Lew Brice

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Lew Brice (October 26, 1893 – June 16, 1966) was an American actor, dancer and comedian.

Biography[edit]

He was born Louis Borach on October 26, 1893 in Manhattan, New York City, the brother of Fannie Brice. He was the youngest of four children born to Rose Stern, a Hungarian Jewish woman who emigrated to America at age ten; and Alsatian immigrant Charles Borach. Charles and Rose were saloon owners and had four children, Philip (born 1887), Carrie (born 1889), Fania, and Louis.[1][2]

Lew Brice married actress Mae Clarke on February 26, 1928; the union later ended in divorce.[3]

Lew Brice died June 16, 1966 in Hollywood, California, aged 72.

Stage performances[edit]

  • The Passing Show of 1913 (July – Sept 1913)[4]
  • The Passing Show of 1914 (June – Sept 1914)[5]
  • Maid in America (Feb – May 1915)[6]
  • Step This Way (May – Aug 1916)[7]
  • Americana (July 1926 – Feb 1927)[8]
  • Billy Rose's Crazy Quilt (May – Jul 1931)[9]

Film[edit]

External links[edit]

References[edit]

  1. ^ Herbert G. Goldman (1992). Fanny Brice. Oxford University Press. pp. 7–10. ISBN 978-0-19-535901-5.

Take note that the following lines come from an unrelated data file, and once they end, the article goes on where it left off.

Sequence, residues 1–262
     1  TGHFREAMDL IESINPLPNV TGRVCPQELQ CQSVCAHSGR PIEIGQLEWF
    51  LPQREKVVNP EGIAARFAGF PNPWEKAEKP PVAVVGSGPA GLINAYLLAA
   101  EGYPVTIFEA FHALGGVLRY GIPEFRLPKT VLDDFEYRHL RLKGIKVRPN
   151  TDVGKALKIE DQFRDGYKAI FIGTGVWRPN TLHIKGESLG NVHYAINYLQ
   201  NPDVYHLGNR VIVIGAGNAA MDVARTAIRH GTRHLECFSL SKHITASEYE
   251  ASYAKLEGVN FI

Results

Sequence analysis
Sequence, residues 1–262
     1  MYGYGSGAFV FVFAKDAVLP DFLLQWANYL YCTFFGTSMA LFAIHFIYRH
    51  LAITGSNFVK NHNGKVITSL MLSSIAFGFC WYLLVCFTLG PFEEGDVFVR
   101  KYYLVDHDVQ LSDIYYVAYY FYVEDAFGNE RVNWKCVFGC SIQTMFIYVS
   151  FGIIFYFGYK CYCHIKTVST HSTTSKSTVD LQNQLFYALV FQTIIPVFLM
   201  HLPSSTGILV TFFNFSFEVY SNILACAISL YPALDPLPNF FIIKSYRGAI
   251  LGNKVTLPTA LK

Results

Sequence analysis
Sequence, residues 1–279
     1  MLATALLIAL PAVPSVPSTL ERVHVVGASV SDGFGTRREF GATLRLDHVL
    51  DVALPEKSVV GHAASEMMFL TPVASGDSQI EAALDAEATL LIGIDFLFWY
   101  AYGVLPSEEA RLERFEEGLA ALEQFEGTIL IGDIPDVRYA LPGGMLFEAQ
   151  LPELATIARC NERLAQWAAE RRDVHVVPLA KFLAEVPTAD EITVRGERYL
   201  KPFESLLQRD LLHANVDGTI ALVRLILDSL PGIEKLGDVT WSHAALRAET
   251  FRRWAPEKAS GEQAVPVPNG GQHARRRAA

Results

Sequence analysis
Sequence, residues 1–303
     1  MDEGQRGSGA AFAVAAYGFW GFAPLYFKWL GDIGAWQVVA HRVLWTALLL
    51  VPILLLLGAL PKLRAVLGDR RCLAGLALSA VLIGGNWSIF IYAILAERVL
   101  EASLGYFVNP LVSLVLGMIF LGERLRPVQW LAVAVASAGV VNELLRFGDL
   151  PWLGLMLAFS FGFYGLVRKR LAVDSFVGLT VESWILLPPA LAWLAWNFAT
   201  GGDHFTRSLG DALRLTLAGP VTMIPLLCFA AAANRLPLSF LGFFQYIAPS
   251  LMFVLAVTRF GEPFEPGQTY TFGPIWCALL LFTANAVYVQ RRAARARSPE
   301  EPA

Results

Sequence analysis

2. ^ "Fanny Brice Dies at the Age of 59". New York Times. May 30, 1951. Retrieved 2014-10-26. 
  3. ^ Mae Clarke (January 1, 1996). Featured Player: An Oral Autobiography of Mae Clarke. Scarecrow Press, Incorporated. pp. 30–40. ISBN 978-0-8108-3044-8. 
  4. ^ "The Passing Show of 1913". IBDB. The Broadway League. Retrieved 3 August 2014. 
  5. ^ "The Passing Show of 1914". IBDB. The Broadway League. Retrieved 3 August 2014. 
  6. ^ "Maid in America". IBDB. The Broadway League. Retrieved 3 August 2014. 
  7. ^ "Step This Way". IBDB. The Broadway League. Retrieved 3 August 2014. 
  8. ^ "Americana". IBDB. The Broadway League. Retrieved 3 August 2014. 
  9. ^ "Billy Rose's Crazy Quilt". IBDB. The Broadway League. Retrieved 3 August 2014. 
  10. ^ Anthony Balducci (17 July 2009). Lloyd Hamilton: Poor Boy Comedian of Silent Cinema. McFarland. p. 241. ISBN 978-0-7864-4159-4. 
  11. ^ a b c d "Lew Brice". AFI Catalog of Feature Films. American Film Institute. Retrieved 4 August 2014.